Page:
Chapter 2
Goal 1
And Its Six Components

The basic standard for citizen involvement in Oregon is Statewide Planning Goal 1, Citizen Involvement. The Land Conservation and Development Commission (LCDC) adopted it on December 27, 1974, and it took effect on January 1, 1975.

Goal 1 calls for each city and county in Oregon to "develop a citizen involvement program that insures the opportunity for citizens to be involved in all phases of the planning process." The goal cannot assure that every person who gets involved in planning will get what he or she wants: no policy can promise that. But Goal 1 does promise that every citizen will have an opportunity to participate in planning. Goal 1 can't guarantee the outcome of the game, but it does guarantee that everyone gets a chance to play.

Like all of Oregon's planning goals, Goal 1 is mandatory: its provisions have the force of law. The goal is accompanied by several "guidelines" that are optional. Local governments may follow them, but they are not required to.

Unlike many of Oregon's statewide planning goals, Goal 1 is not supplemented by administrative rules that explain or refine its policies. Provisions relating to citizen involvement, however, are found in several statutes and rules on other topics, such as periodic review and open public meetings. See Chapter 4 for information on them.

What is a "citizen involvement program"?

A citizen involvement program (CIP) is a system for enabling citizens to participate in the local planning process. The CIP may be a separate document, or it may be a chapter in the comprehensive plan. Either way, the CIP is, in a legal sense, part of the local comprehensive plan. Any changes to the CIP constitute a plan amendment, subject to the state and local regulations that govern such amendments.

Every city and county in Oregon has adopted a citizen involvement program. All of those programs were reviewed by the state's Citizen Involvement Advisory Committee (CIAC) and by LCDC as a part of "acknowledgement" -- the process for state review and approval of local plans in Oregon. That all took place in the late 1970s and early 1980s. Most cities and counties have not amended their CIPs since they were acknowledged.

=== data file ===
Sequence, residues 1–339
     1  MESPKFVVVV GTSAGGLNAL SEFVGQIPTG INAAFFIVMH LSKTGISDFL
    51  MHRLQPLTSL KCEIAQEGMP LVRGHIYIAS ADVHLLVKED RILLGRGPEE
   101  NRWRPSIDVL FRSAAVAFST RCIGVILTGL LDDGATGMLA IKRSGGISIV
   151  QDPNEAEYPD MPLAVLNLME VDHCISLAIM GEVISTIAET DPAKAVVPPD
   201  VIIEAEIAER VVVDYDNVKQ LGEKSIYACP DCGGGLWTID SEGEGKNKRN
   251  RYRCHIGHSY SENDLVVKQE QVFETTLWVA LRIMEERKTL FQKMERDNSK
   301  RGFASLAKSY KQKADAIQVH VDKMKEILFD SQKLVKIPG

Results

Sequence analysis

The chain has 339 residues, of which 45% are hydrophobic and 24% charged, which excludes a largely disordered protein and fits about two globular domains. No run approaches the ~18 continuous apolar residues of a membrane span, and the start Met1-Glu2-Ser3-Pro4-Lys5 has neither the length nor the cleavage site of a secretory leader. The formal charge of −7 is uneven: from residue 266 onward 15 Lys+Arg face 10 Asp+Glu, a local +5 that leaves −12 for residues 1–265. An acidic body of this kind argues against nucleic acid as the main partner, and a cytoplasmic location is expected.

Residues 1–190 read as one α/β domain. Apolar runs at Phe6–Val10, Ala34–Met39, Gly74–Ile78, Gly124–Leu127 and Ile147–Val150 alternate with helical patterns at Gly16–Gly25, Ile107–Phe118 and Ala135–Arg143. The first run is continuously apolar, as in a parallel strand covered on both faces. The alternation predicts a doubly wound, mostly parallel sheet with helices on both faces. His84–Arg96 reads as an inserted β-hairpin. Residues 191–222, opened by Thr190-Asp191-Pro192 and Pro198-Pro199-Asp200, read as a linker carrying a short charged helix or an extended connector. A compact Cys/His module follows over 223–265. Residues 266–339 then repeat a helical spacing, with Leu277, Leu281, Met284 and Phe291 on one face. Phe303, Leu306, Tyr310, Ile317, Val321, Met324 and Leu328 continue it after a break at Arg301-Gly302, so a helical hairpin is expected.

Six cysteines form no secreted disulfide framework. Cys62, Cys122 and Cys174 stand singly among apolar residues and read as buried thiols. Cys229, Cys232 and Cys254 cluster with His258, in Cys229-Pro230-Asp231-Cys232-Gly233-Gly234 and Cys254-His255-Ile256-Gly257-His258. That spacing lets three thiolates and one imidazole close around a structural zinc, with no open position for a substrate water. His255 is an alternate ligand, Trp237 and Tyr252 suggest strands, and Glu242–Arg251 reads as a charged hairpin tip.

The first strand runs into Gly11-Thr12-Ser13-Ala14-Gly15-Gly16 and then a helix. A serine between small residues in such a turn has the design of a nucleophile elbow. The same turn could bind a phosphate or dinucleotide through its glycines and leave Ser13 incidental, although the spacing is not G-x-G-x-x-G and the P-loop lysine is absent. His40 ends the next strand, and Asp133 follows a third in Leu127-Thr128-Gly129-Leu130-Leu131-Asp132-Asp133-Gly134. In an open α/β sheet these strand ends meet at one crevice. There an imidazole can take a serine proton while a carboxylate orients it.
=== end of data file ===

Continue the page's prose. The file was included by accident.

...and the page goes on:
In effect, the CIP is a chart that describes the course for citizen involvement in a particular city or county. It serves as a guide not only to local planners and elected officials but also to state agencies. Goal 1 says that state agencies shall "make use of existing local citizen involvement programs established by counties and cities."

What are the components of a CIP?

Goal 1 requires that a citizen involvement program contain six "components." The goal also describes certain steps that must be addressed in each of those components. In effect, Goal 1 is a blueprint that shows how to build a citizen involvement program.

That blueprint is outlined on the next page. Local governments may (and often do) build more elaborate programs than the blueprint calls for. But whether the local program is simple or elaborate, it should include all of the basic elements required by Goal 1.

Goal 1's Blueprint for a CIP

Component 1, Citizen Involvement -- Provide for widespread citizen involvement.

Component 2, Communication -- Assure effective two-way communications between local officials and citizens.

Component 3, Citizen Influence -- Provide the opportunity for citizens to be involved in all phases of the planning process.

Component 4, Technical Information -- Assure that technical information is available in an understandable form.

Component 5, Feedback Mechanisms -- Assure that citizens get responses from policy makers.

Component 6, Financial Support -- Ensure adequate funding for the citizen involvement program.

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